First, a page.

In a March 2023 Senate budget committee hearing, Committee Chair Sheldon Whitehouse, D-R.I., “asked how insurers are dealing with ‘weather anomalies’ caused by climate change that make storms and other events harder to predict,” according to Scientific American.
Aon PLC President Eric Andersen agreed it’s an issue: “The models of old that have been used looking backwards are not as valuable to the models that need to be developed for a changing climate.”
The insurance coverage issues currently being experienced in California resemble similar woes Florida experienced after Hurricane Andrew hit Miami in 1992. After the event, many insurance carriers went bankrupt, and several others left the state entirely.
In response, the state created a system for windstorm insurance that’s based on small insurance companies that are backed by the “Citizens Property Insurance Corporation, a state-mandated company that would provide windstorm coverage for homeowners who couldn’t find private insurance,” The New York Times says.
The system worked for a while, but beginning with Hurricane Irma in 2017, Florida has seen a series of hurricanes year after year. This broke the system insurance companies relied on—one bad year followed by a few years when there were no catastrophic weather events.
“Even as homeowners in coastal states face rising costs for wind coverage, they’re being squeezed from yet another direction: Flood insurance,” The New York Times adds.
The National Flood Insurance Program was created by Congress in 1968 to provide affordable flood insurance in flood-prone areas.
“In 2021, FEMA, which runs the program, began setting rates equal to the actual flood risk facing homeowners — an effort to better communicate the true danger facing different properties, and also to stanch the losses for the government,” continues The New York Times.
“Properties located in high-risk areas should plan and expect to pay for that risk,” David Maurstad, head of the flood insurance program, said in a statement.
“The best way for policymakers to help keep insurance affordable is to reduce the risk people face, said Carolyn Kousky, associate vice president for economics and policy at the Environmental Defense Fund,” according to The New York Times. “For example, officials could impose tougher building standards in vulnerable areas.
“Government-mandated programs, like the flood insurance plan, or Citizens in Florida and Louisiana, were meant to be a backstop to the private market. But as climate shocks get worse, she said, ‘we’re now at the point where that’s starting to crack.’”
Preparing the insurance industry for climate change resiliency
The Insurance Regulator State of Climate Risks Survey, conducted by the Deloitte Center for Financial Services, found:
- Most U.S. state insurance regulators expect all types of insurance companies’ climate change risks to increase over the medium to long term, including physical risks, liability risks, and transition risks.
- More than half of the regulators surveyed also indicated climate change is likely to have a high impact or an extremely high impact on coverage availability and underwriting assumptions.
“The regulator survey helped uncover several possible actions that carriers could implement—both within and outside the organization—to boost their climate readiness over the long term,” the Deloitte analysis notes. “The survey results were supplemented by interviews with rating agencies and leading environmental and risk management experts. They identified opportunities for insurers to become more resilient to climate-related risks in five key areas:”
- “Raise the profile of climate risk in the organization.” Deloitte advises companies to “establish a clear governance structure, including the creation or assignment of dedicated roles, at executive as well as staff levels, to evaluate the potential impacts of climate-related risks. They should also embed ongoing climate risk assessment and mitigation efforts across the company, including underwriting, pricing, reserving, investing, and even in new product development.”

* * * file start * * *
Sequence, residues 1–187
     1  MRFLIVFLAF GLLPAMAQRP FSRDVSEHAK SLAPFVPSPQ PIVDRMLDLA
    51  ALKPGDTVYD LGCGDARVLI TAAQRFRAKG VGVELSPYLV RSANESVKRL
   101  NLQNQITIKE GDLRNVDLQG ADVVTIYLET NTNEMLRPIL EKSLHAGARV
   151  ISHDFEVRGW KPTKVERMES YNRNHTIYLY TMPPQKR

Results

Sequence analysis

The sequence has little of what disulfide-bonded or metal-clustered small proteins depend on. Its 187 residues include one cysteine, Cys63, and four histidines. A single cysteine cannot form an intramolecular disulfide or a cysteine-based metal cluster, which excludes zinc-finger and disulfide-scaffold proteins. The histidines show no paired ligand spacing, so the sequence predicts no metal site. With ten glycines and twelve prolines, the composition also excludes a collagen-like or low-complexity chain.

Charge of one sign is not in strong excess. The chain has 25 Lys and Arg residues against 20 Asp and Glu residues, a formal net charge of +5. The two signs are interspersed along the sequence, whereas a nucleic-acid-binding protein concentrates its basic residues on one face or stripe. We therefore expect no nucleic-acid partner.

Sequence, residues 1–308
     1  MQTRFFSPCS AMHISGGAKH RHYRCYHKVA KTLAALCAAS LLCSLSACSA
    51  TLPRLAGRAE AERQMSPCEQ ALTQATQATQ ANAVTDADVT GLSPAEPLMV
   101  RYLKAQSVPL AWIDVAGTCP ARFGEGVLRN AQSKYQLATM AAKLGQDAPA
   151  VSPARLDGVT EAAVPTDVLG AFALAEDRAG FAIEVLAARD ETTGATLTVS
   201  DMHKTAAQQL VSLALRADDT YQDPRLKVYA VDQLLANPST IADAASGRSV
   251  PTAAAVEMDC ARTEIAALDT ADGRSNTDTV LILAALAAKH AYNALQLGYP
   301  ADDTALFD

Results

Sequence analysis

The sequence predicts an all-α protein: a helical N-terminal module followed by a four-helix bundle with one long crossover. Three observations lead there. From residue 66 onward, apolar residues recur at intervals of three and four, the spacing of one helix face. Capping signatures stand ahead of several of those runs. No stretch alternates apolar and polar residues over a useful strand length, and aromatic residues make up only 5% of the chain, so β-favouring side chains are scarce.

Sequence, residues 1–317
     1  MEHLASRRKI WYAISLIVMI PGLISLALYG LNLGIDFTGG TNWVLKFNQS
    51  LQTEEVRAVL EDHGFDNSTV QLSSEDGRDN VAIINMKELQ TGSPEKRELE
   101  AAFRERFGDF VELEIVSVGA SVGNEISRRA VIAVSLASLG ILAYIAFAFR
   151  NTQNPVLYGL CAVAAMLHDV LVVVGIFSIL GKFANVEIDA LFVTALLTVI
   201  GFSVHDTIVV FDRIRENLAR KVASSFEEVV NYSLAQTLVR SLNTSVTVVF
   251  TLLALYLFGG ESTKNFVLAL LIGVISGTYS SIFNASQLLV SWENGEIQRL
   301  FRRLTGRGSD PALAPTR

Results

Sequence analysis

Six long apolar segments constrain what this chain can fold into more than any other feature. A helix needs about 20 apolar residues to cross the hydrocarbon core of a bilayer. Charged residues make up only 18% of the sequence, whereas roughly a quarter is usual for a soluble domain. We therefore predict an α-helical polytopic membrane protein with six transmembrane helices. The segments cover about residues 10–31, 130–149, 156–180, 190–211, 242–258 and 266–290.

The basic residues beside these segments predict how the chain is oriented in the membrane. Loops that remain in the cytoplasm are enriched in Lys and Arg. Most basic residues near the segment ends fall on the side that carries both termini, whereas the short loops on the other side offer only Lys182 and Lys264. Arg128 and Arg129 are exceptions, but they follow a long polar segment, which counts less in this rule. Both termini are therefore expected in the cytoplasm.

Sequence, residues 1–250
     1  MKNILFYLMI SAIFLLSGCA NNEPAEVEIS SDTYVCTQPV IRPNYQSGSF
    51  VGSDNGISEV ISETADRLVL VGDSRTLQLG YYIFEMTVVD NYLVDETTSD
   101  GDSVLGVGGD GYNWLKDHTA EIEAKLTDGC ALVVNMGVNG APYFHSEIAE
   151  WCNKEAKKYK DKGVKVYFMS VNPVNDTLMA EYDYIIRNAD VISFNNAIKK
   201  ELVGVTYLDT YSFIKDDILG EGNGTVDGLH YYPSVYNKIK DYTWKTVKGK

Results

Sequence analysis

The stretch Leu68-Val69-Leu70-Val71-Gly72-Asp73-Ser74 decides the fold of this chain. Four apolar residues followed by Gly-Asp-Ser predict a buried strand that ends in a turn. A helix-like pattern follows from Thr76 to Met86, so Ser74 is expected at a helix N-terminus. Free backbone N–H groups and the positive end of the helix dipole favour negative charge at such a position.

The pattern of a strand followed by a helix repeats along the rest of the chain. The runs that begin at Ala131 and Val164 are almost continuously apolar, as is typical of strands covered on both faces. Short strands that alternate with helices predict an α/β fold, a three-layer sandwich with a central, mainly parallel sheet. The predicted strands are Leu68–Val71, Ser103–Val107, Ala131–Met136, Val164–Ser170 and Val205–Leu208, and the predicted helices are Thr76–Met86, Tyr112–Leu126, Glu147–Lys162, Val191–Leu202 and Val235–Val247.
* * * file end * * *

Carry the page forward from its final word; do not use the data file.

- “Improvement assessments of climate risk using advanced analytics.” Deloitte suggests using “historical weather records, insured property data, and assumptions regarding future climate conditions to improve risk selection and pricing. Augmenting climate change models with big data/social media information and predictive analytics also has a huge potential to significantly broaden risk assessment considerations.”
- “Take an enterprise-wide view while managing climate risks.” To provide carriers with a complete understanding of climate risk exposure, Deloitte advises companies to “include climate risk assessment more consistently in their broader enterprise risk management (ERM) framework, which can help in identifying and correlating impacts across different lines of business as well as investments.” This approach should include testing a wide range of climate-related scenarios to discover capital and liquidity weaknesses.
- “Work with policyholders and policymakers to alleviate climate risk exposure.” Deloitte suggests having carriers offer incentives to policyholders, such as premium discounts, “who invest in mitigating climate-related risks and containing related claims through adaptation measures.” Additionally, carriers should educate policyholders and legislators about steps they can take to better protect properties from severe weather events.
- “Work with administrative agencies to develop climate-resilient public policies.” Deloitte analysts advise insurers to work closely with administrative agencies and builder associations to discourage high-risk zone development and to encourage the use of materials and building designs that will withstand regional climate threats. Additionally, building owners and homeowners can be incentivized through government programs to retrofit structures to make them more resilient to natural catastrophes.
“In short, rather than making premiums unaffordable, which can lead to a rise in the number of uninsured, insurers could work proactively with administrative agencies to develop preventive and adaptive public policies supporting a climate-resilient future,” the Deloitte article adds.